THE leader of Cornwall Council says that a devolution deal approved by cabinet on Tuesday, November 28, is the “first step” in the Duchy having more power over its own affairs.
The level two deal will allow Cornwall greater autonomy over areas including green energy and adult education, while plans for a cross-party White Paper for Cornwall, setting out the authority’s ambitions for further dialogue with future governments, was also approved.
The extraordinary cabinet meeting, called at short notice after the proposed devolution deal was announced by the chancellor in last week’s Autumn Statement, took place in Truro following a meeting of the full council. The new devolution deal had been negotiated following the decision earlier this year not to pursue a level three deal, which proved largely unpopular with residents of the county due to the inclusion of a directly elected mayor for Cornwall.
The new deal includes:
- Westminster fully devolving the adult education budget of around £10-million a year from 2025, giving the council control over how best to support adult learners, so it can make sure people have the right skills for the new industries developing in Cornwall, including those in the net zero economy. A Free Courses for Jobs scheme worth £700,000 per year has also been agreed with £467,000 of funding to support the implementation of the devolved responsibilities.
- The creation of a Cornwall Floating Offshore Wind (FLOW) Commission to bring clean energy to the shores of Cornwall and elsewhere quicker, enabling Cornwall to contribute to the delivery of the UK’s targets for renewable generation.
- The deal means Cornwall Council will be able to attend meetings of the British-Irish Council alongside the UK government as an advisor on matters relating to the Cornish language. It also includes a further £500,000 to support Cornish distinctiveness and the Cornish language. Details of how that money will be rolled out will be revealed in the next few weeks.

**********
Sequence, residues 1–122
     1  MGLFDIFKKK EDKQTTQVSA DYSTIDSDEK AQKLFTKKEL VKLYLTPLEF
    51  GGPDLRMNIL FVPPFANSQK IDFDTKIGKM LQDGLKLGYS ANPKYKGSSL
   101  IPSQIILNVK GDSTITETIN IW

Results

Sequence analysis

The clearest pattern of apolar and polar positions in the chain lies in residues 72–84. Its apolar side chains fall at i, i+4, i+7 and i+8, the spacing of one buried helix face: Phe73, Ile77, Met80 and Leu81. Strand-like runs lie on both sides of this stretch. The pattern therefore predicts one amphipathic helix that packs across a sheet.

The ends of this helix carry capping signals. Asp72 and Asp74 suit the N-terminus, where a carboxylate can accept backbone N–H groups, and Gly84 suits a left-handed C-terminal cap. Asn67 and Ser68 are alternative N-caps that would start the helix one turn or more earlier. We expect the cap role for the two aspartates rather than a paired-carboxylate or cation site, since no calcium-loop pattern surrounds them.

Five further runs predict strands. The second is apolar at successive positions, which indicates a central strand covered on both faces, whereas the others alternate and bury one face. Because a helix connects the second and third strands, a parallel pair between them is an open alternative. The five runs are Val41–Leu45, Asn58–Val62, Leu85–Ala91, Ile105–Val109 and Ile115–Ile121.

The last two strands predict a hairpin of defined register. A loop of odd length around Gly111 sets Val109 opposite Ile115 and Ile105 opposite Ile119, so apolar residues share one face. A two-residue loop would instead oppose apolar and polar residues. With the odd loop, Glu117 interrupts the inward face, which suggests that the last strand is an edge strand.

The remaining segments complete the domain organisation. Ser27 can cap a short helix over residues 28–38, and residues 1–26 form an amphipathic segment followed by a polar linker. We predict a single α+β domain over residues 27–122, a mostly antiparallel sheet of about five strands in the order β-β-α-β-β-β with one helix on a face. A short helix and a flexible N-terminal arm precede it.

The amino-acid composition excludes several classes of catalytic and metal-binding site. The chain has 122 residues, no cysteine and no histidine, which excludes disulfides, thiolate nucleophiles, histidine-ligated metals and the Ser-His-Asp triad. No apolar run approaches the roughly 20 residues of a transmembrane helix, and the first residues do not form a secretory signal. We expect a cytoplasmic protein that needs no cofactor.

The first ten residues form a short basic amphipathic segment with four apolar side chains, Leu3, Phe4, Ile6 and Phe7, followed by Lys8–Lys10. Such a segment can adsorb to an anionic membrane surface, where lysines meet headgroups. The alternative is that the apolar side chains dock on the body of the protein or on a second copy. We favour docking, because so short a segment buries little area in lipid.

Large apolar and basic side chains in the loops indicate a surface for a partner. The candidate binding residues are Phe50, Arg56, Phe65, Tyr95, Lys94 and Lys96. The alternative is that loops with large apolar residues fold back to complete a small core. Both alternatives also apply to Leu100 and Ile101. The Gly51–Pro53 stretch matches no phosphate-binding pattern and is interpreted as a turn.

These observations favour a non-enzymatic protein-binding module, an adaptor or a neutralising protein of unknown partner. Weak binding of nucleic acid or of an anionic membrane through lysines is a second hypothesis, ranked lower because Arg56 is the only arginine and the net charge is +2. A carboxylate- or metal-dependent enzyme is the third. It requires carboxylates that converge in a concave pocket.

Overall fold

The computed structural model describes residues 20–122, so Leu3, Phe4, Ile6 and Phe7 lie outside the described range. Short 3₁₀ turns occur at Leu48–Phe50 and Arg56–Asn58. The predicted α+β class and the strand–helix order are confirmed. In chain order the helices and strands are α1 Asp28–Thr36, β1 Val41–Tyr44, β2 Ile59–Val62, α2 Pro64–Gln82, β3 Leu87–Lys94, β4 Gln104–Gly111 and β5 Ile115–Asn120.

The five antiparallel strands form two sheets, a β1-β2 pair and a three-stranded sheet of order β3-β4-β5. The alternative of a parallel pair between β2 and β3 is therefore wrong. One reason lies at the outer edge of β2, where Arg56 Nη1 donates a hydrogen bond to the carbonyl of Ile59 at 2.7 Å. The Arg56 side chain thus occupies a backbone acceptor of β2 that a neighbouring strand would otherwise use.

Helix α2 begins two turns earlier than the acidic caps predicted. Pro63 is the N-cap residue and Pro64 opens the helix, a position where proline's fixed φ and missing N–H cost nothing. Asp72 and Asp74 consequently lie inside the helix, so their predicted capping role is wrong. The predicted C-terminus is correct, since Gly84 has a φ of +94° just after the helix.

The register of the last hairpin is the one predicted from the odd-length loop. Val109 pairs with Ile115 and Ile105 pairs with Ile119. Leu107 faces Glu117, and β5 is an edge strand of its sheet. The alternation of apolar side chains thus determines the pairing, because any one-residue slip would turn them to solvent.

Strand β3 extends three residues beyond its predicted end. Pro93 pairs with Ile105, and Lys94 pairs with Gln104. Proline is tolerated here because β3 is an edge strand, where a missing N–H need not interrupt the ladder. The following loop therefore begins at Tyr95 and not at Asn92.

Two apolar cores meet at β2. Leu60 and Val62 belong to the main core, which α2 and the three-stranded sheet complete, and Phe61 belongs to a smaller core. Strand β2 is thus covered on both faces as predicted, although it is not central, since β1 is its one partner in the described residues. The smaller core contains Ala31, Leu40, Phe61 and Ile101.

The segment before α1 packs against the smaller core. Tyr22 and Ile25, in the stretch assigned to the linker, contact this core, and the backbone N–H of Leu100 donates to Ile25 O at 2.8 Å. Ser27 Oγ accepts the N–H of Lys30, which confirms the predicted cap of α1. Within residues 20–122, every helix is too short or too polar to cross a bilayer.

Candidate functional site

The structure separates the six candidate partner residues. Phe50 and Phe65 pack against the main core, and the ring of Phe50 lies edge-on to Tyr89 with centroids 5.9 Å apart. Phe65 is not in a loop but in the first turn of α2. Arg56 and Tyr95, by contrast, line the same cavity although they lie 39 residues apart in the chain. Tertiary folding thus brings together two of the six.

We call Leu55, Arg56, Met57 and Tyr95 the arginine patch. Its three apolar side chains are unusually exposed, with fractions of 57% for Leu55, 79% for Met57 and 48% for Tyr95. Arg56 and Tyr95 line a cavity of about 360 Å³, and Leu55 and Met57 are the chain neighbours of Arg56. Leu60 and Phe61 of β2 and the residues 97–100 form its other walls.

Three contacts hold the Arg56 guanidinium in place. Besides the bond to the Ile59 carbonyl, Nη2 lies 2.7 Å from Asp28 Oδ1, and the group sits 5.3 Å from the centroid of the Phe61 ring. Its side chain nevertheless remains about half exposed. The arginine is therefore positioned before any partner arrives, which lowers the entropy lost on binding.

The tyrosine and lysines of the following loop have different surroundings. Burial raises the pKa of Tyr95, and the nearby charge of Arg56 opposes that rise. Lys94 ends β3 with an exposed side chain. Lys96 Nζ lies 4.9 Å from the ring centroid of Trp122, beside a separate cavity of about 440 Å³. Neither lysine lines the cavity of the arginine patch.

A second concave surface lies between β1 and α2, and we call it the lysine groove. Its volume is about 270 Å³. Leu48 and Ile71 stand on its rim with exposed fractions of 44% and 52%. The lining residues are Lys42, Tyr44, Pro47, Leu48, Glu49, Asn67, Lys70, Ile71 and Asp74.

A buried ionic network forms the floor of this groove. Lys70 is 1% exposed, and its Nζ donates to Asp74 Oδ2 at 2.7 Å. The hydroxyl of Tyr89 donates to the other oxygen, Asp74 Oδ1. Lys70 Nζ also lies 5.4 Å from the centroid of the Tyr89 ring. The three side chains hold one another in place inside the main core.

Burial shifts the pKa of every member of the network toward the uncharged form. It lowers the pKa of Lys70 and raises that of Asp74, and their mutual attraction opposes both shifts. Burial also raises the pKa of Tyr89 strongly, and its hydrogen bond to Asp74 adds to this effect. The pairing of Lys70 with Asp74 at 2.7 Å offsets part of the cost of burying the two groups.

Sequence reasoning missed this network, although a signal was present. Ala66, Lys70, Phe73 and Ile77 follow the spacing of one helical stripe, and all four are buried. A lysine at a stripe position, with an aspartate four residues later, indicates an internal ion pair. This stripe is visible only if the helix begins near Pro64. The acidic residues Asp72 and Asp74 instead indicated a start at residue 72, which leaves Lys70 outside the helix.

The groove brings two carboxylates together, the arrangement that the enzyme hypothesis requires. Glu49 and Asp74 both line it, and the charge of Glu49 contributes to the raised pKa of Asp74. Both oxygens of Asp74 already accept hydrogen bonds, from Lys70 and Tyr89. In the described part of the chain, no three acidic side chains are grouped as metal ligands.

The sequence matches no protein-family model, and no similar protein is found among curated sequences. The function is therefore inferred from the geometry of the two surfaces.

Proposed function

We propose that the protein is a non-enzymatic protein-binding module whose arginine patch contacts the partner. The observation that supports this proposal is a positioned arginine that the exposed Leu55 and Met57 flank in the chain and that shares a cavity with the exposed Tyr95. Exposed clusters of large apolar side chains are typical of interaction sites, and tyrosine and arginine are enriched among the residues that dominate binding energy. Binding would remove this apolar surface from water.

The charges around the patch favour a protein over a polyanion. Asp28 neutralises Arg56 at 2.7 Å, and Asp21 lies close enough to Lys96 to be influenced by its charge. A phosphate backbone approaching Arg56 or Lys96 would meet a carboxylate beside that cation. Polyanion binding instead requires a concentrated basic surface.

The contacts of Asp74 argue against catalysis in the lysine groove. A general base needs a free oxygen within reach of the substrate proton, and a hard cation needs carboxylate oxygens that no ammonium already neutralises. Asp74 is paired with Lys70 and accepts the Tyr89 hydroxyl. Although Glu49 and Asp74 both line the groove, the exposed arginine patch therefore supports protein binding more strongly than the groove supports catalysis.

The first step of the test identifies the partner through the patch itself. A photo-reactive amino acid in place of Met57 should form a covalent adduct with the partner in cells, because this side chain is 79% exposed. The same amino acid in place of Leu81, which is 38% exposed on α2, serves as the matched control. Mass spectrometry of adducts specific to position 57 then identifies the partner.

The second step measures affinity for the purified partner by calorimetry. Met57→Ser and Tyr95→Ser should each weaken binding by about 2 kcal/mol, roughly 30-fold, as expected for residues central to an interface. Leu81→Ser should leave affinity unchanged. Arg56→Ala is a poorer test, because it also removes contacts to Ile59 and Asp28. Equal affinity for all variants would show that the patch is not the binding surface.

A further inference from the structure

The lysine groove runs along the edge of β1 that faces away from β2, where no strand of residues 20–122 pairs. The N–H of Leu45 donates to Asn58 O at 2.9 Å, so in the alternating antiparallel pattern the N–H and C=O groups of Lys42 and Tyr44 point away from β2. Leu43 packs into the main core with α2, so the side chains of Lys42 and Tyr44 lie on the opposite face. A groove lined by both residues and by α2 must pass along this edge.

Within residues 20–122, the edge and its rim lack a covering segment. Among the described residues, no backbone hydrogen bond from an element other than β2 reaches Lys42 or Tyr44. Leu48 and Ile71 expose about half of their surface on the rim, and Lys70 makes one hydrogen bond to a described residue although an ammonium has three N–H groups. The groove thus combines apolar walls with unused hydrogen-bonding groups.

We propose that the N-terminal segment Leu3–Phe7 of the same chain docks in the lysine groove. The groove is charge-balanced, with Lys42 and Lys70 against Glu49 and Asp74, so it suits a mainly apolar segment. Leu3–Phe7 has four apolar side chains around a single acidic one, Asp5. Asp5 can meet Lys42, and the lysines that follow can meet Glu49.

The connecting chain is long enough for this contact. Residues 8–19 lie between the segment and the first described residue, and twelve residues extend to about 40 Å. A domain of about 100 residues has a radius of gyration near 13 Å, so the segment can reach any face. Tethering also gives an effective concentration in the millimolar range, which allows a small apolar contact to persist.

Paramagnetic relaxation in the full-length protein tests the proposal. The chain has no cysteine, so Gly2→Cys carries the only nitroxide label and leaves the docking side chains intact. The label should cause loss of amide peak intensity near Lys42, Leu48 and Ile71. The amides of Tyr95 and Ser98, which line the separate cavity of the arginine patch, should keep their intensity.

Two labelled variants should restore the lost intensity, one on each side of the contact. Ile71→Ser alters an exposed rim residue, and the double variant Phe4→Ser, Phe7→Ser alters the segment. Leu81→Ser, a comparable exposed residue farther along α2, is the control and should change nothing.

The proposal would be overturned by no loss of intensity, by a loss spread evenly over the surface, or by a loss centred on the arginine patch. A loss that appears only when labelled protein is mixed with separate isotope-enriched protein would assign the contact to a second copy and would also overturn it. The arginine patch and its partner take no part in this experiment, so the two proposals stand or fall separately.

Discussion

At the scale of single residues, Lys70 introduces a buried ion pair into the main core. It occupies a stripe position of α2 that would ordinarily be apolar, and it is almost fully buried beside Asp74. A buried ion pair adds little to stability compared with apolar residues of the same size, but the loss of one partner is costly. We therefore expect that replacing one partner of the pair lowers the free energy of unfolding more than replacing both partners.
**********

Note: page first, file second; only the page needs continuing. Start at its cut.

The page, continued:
The plan was approved unanimously by Cabinet following a discussion and questions from fellow councillors. Cllr Dick Cole – leader of the devolutionist Cornish party Mebyon Kernow – commended the council’s Conservative leader Cllr Linda Taylor on the efforts the authority has made in securing funding and support for the Cornish language and culture.
However, he added: “This is local government accommodation rather than a Celtic-style devolution deal.”
Speaking after the meeting, Cllr Taylor said: “This is the first step in more devolved powers for Cornwall. We are being clear, this is part of an ongoing process, and we want to see more autonomy being handed to Cornwall. I am determined this will be a cross-party effort, it is important that we hear from everyone in developing and laying out our future ambitions.
“The new deal gives us further powers to develop the skills we need to take advantage of the new industries we are developing, as well as the opportunity to help shape national policy in vital areas such as floating offshore wind power.
“It also brings greater protections for our unique heritage and language, and gives us a voice on the British-Irish Council, which we have been calling for.”